Monster Beverage Corp. receives the 2011 NBJ Stock Award

Monster Beverage Corp. receives the 2011 NBJ Stock Award

The company formerly known as Hansen Natural stays energized

 As of January 9, 2012, Hansen Natural Corp.—the 80-year-old beverage company behind such legacy brands as Hansen’s Natural Soda and Blue Sky—received the go-ahead from shareholders to change its name to Monster Beverage Corp., better reflecting the identity of its major breadwinner, Monster Energy Drink. It began trading under its new ticker, MNST, on January 9.

“Hansen is an energy drink company, period,” says Scott Van Winkle, managing director at Canaccord Genuity, who notes that about 95% of the company’s sales come from Monster and its various permutations. At an estimated $1.7 billion in 2011 sales, that’s a whole lot of energy drinks.

And though the HANS ticker may now fade away, the stock attached to it has done anything but. In 2011 the company’s stock price climbed 72%, up a solid 171% over a five-year period. The price peaked at just shy of $100 by the end of the year, prompting a two-for-one stock split slated for February 15. At that point, Monster anticipates a total of 174.3 million shares outstanding.

According to Van Winkle, there are no financial nuances to this impressive stock performance. “This is a top-line-salesdriven story,” he says. Hansen, which grew sales 14% to $1.3 billion in 2010, grew another 31% in 2011, according to preliminary estimates from Cannacord. All the more impressive for being well above the 15% growth of the overall U.S. energy drink market in 2011, according to preliminary data from Nutrition Business Journal.

Outgrowing its own category speaks to Hansen’s out-innovation of its competitors. Though the company is still runner-up to category leader Red Bull, it’s been more mobile with new products. Its Monster Rehab line, made with tea and juice, is performing well, with four new SKUs due out soon. Java Monster, its coffee/energy drink combo is doing well too. And for 2012, the company plans on launching Ubermonster, a non-alcoholic, fermented malt beverage, which may muscle its way into the kombucha set. “I would say that they’re undoubtedly the most innovative energy drink company,” says Van Winkle.

Other competitors include Rockstar; Amp from PepsiCo; Full Throttle and NOS from Coca-Cola; and shot category leader 5-Hour Energy from Living Essentials. Monster does offer a line of shots, but 5-Hour Energy dominates the market by wide margin.

The company’s outsized growth is no new trend, evident from its meteoric rise in stock appreciation and gross sales over the last five years. In fact, Hansen received NBJ’s Large Company Growth Award in 2007 and won the Stock Award in both 2004 and 2005.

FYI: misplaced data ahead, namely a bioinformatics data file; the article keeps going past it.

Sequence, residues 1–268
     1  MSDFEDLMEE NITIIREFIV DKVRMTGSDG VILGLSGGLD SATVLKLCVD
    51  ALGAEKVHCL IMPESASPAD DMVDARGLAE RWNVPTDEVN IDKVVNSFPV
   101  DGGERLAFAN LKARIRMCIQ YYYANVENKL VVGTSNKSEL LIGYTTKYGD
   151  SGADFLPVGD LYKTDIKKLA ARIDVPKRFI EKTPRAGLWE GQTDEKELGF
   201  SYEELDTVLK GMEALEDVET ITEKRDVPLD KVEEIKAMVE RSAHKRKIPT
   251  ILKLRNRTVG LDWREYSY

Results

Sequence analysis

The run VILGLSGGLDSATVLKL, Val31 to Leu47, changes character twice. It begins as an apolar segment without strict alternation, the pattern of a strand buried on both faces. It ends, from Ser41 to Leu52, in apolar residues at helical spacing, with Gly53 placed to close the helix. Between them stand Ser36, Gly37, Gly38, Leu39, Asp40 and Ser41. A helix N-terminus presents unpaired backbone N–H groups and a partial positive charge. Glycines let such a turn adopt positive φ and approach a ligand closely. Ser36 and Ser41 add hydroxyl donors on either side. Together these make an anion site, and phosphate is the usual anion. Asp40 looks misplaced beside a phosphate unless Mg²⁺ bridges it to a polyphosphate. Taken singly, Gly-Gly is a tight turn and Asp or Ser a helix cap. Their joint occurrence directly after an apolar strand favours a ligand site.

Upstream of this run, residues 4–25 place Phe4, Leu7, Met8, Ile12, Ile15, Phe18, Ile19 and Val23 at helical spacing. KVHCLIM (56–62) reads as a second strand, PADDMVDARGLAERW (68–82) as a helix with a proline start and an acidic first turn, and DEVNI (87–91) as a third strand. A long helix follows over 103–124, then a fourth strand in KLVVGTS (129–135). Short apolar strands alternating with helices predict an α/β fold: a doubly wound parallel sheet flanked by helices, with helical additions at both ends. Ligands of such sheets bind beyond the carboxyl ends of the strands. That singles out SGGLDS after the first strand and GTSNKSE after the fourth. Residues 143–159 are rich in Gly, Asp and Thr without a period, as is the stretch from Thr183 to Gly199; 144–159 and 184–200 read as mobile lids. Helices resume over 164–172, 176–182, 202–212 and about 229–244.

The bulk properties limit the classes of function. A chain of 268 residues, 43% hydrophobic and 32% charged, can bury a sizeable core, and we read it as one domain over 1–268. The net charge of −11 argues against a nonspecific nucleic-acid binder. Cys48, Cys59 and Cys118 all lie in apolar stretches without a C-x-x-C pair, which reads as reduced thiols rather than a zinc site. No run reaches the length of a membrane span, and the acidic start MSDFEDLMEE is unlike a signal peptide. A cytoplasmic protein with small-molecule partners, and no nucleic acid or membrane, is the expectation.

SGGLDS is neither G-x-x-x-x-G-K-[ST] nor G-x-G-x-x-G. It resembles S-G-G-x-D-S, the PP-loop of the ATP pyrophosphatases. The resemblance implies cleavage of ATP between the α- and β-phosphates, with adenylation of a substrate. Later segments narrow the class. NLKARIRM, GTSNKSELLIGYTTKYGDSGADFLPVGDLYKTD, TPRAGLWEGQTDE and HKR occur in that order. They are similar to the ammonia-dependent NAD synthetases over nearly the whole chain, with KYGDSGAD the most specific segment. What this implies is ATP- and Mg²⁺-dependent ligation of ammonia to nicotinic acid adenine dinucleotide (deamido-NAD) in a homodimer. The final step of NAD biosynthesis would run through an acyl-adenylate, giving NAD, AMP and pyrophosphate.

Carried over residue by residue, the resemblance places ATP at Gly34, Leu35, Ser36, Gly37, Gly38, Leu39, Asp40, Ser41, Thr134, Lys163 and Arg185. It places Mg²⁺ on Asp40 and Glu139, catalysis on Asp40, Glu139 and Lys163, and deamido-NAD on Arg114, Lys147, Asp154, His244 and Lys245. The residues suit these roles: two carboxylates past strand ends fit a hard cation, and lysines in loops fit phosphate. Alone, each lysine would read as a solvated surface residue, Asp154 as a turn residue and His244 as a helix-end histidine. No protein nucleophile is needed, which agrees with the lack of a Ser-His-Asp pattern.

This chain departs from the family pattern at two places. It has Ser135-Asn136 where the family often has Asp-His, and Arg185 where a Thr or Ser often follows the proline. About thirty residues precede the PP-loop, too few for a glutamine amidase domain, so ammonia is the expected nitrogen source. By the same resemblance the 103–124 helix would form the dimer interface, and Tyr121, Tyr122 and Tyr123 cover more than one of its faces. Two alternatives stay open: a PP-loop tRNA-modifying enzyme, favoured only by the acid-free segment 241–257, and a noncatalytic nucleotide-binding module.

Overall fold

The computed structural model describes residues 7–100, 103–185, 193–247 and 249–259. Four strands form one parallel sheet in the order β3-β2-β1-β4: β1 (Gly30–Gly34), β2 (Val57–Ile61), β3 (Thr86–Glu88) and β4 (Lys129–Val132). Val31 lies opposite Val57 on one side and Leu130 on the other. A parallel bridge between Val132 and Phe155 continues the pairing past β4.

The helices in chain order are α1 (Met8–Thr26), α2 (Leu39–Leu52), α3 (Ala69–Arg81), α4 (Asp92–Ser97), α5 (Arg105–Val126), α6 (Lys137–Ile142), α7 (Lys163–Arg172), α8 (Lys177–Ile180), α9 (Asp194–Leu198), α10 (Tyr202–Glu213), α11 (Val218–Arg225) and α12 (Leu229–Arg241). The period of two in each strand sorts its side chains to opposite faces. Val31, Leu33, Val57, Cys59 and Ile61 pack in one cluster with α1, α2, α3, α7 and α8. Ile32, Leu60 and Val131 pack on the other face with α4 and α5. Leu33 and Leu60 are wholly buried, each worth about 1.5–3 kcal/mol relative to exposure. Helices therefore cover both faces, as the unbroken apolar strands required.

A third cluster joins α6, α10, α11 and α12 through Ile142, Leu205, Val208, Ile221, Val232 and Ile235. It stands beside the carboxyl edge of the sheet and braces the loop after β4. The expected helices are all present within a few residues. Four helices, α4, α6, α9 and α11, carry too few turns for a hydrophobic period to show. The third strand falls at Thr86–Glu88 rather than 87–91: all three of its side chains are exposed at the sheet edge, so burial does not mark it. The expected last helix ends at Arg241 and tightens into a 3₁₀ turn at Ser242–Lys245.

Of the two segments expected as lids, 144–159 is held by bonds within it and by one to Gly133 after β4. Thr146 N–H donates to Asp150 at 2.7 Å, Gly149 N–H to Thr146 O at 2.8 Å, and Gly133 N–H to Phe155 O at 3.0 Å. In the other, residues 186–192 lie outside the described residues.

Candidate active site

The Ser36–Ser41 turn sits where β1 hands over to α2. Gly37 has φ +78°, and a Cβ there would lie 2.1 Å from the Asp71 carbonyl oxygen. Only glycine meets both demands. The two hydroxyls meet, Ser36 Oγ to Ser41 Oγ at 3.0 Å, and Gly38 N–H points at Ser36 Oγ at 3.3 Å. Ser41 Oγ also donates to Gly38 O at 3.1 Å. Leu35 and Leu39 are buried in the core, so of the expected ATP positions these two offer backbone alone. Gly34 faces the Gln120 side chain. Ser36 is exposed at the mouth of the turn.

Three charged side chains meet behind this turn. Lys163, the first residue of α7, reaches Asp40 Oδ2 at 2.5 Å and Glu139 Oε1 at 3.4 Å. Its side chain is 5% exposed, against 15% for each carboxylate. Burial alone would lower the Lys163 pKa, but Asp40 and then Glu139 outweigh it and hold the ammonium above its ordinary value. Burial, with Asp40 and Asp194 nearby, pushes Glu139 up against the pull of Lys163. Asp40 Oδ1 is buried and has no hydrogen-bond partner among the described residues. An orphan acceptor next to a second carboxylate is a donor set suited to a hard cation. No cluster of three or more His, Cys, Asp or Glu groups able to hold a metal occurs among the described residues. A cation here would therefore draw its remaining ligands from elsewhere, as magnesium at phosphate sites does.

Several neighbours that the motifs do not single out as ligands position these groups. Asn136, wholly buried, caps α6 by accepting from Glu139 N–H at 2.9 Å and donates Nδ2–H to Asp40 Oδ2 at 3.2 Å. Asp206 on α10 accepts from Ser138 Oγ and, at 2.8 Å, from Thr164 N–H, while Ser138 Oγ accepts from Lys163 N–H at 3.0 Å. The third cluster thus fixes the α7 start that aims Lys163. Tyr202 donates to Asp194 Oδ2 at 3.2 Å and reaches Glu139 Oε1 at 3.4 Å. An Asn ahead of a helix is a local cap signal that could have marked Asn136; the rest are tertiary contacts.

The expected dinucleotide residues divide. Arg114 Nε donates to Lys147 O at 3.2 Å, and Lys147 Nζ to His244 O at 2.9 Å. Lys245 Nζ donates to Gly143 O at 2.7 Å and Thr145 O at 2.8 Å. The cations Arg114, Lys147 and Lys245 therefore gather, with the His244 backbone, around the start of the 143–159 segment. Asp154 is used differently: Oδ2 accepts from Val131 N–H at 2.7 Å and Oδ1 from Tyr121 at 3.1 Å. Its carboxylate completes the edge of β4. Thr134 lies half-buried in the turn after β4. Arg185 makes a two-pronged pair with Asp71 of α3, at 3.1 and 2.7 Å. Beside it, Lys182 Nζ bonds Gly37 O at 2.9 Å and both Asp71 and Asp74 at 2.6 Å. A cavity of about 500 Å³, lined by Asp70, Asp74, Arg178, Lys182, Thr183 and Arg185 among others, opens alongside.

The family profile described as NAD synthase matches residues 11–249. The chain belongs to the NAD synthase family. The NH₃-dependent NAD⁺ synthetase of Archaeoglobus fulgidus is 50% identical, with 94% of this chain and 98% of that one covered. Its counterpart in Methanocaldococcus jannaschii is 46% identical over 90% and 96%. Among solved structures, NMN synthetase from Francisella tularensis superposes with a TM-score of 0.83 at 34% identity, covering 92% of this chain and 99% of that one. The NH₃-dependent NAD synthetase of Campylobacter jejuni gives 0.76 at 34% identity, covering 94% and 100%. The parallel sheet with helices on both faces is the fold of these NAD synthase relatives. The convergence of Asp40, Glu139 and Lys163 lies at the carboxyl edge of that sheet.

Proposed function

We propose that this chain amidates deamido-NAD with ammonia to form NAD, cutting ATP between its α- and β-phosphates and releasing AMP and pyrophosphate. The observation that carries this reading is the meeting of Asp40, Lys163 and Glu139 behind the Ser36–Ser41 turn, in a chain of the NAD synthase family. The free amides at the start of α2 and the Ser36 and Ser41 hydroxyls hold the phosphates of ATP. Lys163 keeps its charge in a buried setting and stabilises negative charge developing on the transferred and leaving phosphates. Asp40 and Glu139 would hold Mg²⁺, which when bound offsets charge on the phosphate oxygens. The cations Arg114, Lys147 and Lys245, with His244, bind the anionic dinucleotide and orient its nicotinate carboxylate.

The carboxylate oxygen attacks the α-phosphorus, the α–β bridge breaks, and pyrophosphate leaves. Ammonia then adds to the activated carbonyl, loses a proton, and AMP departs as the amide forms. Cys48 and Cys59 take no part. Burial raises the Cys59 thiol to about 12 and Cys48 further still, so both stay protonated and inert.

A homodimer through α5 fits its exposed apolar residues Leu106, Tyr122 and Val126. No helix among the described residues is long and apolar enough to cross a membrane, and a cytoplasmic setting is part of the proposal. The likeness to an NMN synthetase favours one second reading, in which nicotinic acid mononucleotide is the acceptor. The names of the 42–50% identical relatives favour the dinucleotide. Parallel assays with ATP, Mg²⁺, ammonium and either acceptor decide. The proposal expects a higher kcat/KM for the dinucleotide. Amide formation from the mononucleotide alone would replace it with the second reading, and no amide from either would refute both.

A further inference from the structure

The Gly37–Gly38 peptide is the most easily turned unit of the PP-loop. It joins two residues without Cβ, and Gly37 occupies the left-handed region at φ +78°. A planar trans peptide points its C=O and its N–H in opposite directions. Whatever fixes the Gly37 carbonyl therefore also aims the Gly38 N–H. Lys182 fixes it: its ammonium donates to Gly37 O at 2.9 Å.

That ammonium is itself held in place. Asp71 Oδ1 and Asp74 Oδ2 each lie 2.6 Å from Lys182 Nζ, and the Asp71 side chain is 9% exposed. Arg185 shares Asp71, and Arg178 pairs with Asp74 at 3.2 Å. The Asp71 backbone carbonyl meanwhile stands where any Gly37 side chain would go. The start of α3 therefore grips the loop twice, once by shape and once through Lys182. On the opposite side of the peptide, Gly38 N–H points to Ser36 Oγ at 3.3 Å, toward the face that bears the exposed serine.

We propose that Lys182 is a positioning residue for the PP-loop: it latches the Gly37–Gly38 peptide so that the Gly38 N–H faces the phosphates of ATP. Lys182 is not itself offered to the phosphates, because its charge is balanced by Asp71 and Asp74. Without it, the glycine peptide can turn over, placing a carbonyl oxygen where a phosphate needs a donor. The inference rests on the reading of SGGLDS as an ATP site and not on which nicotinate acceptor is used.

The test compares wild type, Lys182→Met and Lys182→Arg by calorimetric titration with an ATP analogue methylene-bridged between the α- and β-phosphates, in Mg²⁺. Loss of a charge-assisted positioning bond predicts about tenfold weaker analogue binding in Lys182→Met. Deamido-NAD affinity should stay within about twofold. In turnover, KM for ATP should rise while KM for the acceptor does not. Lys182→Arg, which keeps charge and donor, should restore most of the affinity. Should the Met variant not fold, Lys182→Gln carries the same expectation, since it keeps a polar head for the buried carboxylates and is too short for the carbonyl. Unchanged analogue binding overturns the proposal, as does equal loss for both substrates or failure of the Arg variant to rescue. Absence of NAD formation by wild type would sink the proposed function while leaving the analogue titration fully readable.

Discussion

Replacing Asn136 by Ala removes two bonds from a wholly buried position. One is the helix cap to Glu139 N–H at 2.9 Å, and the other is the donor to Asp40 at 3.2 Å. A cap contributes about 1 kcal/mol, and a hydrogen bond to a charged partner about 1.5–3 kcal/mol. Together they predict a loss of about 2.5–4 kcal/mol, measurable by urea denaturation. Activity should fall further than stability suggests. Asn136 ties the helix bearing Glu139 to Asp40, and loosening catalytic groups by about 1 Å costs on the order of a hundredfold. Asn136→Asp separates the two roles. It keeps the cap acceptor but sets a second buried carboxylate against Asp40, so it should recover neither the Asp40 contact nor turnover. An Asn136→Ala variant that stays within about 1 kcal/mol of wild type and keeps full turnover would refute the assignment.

There aren’t a lot of large public companies dedicated to the nutrition and functional foods industries, and the steady progress of Hansen over the last decade deserves attention. Often, a breakout MLM will post huge growth one year and a massive slump the next, but Hansen has kept an even keel for some time. It’s grown out a strong international business over time, and Monster boasts status as the No. 1 energy drink in Mexico and No. 2 in France and the U.K., according to Van Winkle. The company plans to move into Asia in the next six months.

Monster’s growth also speaks to the screaming popularity of energy drinks, a market that grew at nearly 40% CAGR from 2000 to 2010, according to NBJ estimates. And the market is primed for continued growth, since the young folks drawn to energy drinks today are likely to keep drinking them down the road. “A whole new generation of young adults is growing up with energy drinks, similar to the way that my generation grew up drinking soda,” Van Winkle says. One of the beauties of energy drinks, at least from a marketing standpoint, is that they do as advertized. The simple concept of immediately feeling a product’s intended effect plays a significant part in repeat sales.

Of course, Monster is bound to (and already has) run into opposition from critics who argue that the company contributes to the escalating number of children ingesting unhealthy levels of caffeine. Company heads do have the ready retort that Starbucks has a store on every corner ready to serve anyone an equal dose of caffeine, though they may require a more responsible comeback in the near future.

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